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The Hobbit

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haha yeah,

 

but given the general public wont have a clue what 24fps and 48fps are, what are they gonna say to help people choose their tickets?...

 

"Want your film to look like an epidode of Doctor Who... then 48fps is for you!"

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That's awesome, glad they kept it simple. And i love the LOTR lettering.

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As interesting as it would've been to see del Toro's take on The Hobbit, having Peter Jackson back really solidifies the connection to the LotR trilogy.

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As interesting as it would've been to see del Toro's take on The Hobbit, having Peter Jackson back really solidifies the connection to the LotR trilogy.
Well you would have thought so, but then Peter Jackson went and changed the filming process... which could have more of an impact/jaring connection to the LotR trilogy than having a new director.

 

But you are right, that it's great he stayed on. He's the right person for the job.

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It has a higher frame rate than movies usually have. I'm sure there was a discussion about this a few months ago. :heh:

 

I assume that's what he meant, anyway.

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As interesting as it would've been to see del Toro's take on The Hobbit, having Peter Jackson back really solidifies the connection to the LotR trilogy.

 

Agreed and besides with our current state of constant reboots and remakes Del Toro may yet get a get a crack at the whole shabang.....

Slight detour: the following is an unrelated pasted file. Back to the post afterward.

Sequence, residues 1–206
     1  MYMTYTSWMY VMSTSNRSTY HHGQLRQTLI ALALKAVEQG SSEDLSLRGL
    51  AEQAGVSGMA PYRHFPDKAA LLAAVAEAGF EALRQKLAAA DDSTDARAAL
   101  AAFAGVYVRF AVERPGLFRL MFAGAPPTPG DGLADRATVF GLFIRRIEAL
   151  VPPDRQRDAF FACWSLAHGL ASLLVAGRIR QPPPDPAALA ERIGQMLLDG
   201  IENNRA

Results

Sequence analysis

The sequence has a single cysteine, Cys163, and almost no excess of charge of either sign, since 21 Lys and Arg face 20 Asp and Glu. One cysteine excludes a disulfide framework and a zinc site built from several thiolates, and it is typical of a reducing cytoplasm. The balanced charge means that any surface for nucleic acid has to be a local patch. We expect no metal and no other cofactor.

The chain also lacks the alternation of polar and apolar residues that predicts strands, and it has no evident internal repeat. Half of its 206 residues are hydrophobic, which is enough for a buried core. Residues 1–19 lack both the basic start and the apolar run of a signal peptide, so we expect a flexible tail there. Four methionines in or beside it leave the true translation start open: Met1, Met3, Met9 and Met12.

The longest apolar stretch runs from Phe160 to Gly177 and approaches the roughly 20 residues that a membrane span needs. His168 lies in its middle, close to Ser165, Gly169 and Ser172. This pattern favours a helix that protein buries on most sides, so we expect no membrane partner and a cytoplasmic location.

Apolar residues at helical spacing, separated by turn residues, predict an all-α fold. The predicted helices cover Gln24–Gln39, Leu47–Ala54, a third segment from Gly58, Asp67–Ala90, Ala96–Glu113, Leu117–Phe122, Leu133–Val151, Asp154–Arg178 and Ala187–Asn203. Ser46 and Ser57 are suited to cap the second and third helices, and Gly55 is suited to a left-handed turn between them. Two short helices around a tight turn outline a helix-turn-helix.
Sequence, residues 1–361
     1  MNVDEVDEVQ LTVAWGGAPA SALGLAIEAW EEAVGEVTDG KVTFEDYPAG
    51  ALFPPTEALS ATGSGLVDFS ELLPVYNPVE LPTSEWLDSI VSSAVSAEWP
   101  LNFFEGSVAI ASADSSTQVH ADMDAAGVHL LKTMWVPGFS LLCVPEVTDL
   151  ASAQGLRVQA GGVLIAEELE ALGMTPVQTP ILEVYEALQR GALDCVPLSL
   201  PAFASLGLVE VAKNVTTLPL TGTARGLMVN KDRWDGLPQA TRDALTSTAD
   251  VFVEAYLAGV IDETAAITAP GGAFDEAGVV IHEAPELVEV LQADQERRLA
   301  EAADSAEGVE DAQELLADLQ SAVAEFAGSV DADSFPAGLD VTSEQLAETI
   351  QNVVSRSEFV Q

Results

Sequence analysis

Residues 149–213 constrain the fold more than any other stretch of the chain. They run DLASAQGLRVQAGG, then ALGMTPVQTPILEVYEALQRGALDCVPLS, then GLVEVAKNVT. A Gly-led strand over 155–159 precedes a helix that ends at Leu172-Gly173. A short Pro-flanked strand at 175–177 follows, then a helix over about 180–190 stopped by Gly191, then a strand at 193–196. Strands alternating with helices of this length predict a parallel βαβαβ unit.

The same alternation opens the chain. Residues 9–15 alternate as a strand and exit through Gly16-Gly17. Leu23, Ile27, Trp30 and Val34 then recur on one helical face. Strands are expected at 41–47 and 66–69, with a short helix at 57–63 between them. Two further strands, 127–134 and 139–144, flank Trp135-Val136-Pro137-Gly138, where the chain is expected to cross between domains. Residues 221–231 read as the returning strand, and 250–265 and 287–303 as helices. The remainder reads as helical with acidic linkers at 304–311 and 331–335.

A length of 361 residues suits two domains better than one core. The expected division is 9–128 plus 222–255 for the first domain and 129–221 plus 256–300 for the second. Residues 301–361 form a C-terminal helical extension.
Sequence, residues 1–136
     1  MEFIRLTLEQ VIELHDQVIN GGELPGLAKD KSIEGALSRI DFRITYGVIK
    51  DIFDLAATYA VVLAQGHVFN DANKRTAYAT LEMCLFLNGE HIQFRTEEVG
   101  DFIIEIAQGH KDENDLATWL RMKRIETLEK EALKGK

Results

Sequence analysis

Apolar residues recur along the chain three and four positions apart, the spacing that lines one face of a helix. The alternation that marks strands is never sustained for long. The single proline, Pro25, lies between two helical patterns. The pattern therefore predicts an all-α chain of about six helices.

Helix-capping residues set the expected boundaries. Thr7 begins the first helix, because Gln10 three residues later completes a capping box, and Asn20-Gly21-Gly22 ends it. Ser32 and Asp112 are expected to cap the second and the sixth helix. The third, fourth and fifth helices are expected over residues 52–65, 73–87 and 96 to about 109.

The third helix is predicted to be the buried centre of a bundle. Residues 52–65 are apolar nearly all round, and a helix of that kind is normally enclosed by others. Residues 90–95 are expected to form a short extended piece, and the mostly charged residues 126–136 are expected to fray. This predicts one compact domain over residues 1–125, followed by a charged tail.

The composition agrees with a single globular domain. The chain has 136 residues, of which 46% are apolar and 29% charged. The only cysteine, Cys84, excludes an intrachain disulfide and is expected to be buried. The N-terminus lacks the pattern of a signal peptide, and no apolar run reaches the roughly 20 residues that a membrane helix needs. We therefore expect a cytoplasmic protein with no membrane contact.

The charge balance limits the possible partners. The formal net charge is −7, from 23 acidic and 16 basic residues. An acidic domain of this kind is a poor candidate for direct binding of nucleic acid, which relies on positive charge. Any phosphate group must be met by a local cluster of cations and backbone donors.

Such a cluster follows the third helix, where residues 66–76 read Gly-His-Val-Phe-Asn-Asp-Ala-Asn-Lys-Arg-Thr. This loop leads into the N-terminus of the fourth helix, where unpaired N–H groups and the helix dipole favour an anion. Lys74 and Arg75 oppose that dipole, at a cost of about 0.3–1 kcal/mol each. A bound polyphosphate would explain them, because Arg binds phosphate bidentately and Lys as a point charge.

Have they said up until what point the 1st part finishes?

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It's shot in 48 fps and at an initial screening I don't think people enjoyed it as it felt TOO real or something and took them out of the magic of Tolkien.

 

 

:)

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It has a higher frame rate than movies usually have. I'm sure there was a discussion about this a few months ago. :heh:

 

I assume that's what he meant, anyway.

 

Oh, yeah, that. I'm honestly not worried at all.

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I saw the trailer at the cinema yesterday, and genuinely thought it (the movie in general) looked awful.

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So, The Hobbit has now been split into three films instead of two.

 

Here's how I think they will be split:

 

This will probably have the least "distractions" from the main story, and I think that meeting Beorn will be a good end point for this film, so it will be the short trek to Rivendell and the journey under and over the Misty Mountains.

 

 

It will probably have a better name than the one I just gave it. It will be the journey through Mirkwood, and will also show what Gandalf was getting up to at this point. It will delve into the Necromancer (Sauron) more and show the Battle of Dol Guldur. A good ending point would be the Lake-town. I can also see it expanding the elf city much more (with an appearance from the prince - Legolas)

 

 

The chapter dealing with Smaug. Reaching the mountain, the history of the mountain (the Dwarves and Smaug), the end battle and the journey back home.

 

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Oh, man. I hope the split the last movie into two parts, too. :hehe:

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Don't forget the Extended Editions. There's always and Extended Edition.

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I remember back when students used to watch the movie version of a book to save time.

 

English teachers everywhere will be thrilled by this news.